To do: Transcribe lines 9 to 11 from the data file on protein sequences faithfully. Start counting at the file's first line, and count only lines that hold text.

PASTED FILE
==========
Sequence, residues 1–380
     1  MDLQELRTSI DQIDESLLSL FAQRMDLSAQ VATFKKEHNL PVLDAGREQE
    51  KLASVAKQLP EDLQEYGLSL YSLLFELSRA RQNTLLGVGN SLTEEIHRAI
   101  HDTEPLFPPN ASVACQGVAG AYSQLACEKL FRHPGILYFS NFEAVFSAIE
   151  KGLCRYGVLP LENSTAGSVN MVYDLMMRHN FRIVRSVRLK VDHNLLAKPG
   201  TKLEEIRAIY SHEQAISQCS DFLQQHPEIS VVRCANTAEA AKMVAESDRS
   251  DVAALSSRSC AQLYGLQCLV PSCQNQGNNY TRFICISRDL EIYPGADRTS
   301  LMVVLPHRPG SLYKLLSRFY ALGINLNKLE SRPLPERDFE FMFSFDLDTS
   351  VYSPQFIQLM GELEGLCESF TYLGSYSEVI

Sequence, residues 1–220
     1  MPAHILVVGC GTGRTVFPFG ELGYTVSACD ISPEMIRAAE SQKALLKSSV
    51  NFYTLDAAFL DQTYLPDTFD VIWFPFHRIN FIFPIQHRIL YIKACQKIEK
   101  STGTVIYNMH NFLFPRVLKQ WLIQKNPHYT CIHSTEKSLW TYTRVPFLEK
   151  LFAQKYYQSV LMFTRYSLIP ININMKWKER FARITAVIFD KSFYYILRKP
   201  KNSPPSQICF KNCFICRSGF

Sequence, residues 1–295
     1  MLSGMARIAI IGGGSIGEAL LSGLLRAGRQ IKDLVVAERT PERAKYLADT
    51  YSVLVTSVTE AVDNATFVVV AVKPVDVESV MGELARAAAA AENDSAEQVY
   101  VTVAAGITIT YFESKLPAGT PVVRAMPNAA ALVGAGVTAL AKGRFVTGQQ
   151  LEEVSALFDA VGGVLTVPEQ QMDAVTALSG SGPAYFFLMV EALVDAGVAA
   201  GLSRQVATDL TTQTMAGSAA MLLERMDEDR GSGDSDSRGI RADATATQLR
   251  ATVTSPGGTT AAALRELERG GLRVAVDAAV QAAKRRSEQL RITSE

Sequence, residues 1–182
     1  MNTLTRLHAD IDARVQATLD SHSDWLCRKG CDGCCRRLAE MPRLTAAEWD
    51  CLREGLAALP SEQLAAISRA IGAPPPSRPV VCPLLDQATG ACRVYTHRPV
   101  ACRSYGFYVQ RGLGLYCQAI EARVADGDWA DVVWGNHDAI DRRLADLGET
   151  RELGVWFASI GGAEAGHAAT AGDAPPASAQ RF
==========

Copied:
   351  VYSPQFIQLM GELEGLCESF TYLGSYSEVI

Sequence, residues 1–220
     1  MPAHILVVGC GTGRTVFPFG ELGYTVSACD ISPEMIRAAE SQKALLKSSV